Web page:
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I have a week of maternity leave left until I’m due back at work. However, my employer today informed me that I’m no longer required to go into work so as not to inconvenience me due to upcoming alternative staffing arrangements that need to be made after reviewing company profit and loss summary and financial statements. I informally requested flexible working by email three months before returning to work, but my employer put off answering my request with seemingly legitimate reasons. After I pushed them for an answer again, I was verbally informed by a senior colleague last week that my request had been approved. However, today I received a formal letter rejecting my request for flexible working due to structural changes as they are closing our office. They also informed me it’s unnecessary for me to commence work in two weeks and they will pay me until a meeting in three weeks with my other colleagues about how the structural changes will affect our roles. I’m feeling shocked and worried that I am to be made redundant and unsure about what to do from here. As my informal request for flexible working was by email does it mean it isn’t valid? They have suggested I can appeal, but I’m unsure on what grounds I’m able to appeal.
A request for flexible working made by email is as valid as one made by letter. I suggest that, subject to the below, in the long term you appeal the decision. Explain how you think your work pattern can be accommodated. If you can offer an alternative work pattern(s), this will make it more difficult for your employer to refuse each and every option without appearing unreasonable.
Be as flexible as you can be. Show commitment to making the arrangement work for the company as well as for you. Acknowledge the company’s concerns and ask for a trial period working your proposed pattern. This will enable you both to see how it works in practice and make necessary adjustments to deal with issues as they arise. In your appeal remind your employer that your request was verbally granted by your colleague on [date]. If redundancy is very likely, if at the time of your redundancy you have reduced your hours to part time from full time you probably will receive a much reduced redundancy and notice payout.
I would need to see your contract and have details of your salary to give you exact advice on this. So on balance given the circumstances write to your employer say that in the long term you intend to appeal. However, because of the uncertainty over the future of your team you feel it would be sensible to wait and see how your role has changed before proceeding with your flexible working request.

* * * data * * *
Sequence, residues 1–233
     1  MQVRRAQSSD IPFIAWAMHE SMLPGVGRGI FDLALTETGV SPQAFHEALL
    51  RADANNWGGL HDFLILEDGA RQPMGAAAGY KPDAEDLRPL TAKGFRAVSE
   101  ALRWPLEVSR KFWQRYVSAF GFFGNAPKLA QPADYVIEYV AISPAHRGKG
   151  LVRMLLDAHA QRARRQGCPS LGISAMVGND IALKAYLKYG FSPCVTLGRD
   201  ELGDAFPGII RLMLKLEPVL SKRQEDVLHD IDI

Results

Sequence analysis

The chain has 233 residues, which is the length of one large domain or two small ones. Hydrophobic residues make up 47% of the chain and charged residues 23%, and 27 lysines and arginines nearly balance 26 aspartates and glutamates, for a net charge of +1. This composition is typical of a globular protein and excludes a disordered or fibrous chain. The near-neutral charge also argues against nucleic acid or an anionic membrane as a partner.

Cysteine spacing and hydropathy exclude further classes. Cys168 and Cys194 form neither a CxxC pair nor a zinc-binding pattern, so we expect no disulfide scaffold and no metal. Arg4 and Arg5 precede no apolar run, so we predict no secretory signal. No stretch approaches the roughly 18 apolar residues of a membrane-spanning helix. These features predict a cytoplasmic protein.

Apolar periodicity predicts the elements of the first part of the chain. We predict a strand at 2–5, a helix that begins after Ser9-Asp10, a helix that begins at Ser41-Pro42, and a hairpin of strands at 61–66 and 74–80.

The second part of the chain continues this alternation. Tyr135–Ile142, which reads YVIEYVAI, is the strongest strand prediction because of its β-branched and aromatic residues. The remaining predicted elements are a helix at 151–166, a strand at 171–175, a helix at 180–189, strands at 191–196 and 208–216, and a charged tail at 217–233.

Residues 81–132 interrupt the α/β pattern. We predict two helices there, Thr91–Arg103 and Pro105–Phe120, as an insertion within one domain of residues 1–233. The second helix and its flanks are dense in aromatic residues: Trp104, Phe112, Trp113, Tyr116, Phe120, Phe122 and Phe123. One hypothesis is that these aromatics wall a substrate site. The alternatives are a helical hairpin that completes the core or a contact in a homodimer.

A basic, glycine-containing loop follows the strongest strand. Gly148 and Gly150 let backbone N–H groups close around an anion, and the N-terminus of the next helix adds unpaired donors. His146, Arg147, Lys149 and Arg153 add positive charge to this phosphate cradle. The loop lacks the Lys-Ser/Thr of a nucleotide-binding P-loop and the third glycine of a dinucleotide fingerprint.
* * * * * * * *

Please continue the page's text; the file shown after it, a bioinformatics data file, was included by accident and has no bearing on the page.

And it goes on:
If other staff have been informed of possible redundancies and you have not this is unfavourable treatment on the grounds of maternity. If you are selected for redundancy I suggest you get immediate advice to see if you have been selected because of your maternity leave, recent request to work flexibly and/or your childcare commitments. You have the right to return to your former job at the end of your maternity leave. A refusal by your employer to permit you to do so is a dismissal and this dismissal will be automatically unfair and discriminatory. Whether you accept your employer’s offer of paid leave is your decision.
My advice is to insist on returning on the day you planned to. By being in the workplace you can gather exactly what is going on; if some employees are to be kept it being in the office will give you a better chance of retaining your job.
If you are made redundant being in the workplace will give you a better understanding of what is going on and help you to determine if the decision to make you redundant is related to maternity leave etc.. If returning next week and working full time will be difficult then you could ask to be granted the days that you don’t have childcare for as paid days off, but not holiday.
You were initially told that your flexible request had been granted and you made arrangements relying on this assurance. Your employer were willing to let you stay at home and receive a full time wage until the meeting in three weeks time, it is going to be difficult for them to object to you coming in for part of the week but continuing to pay you a full time wage.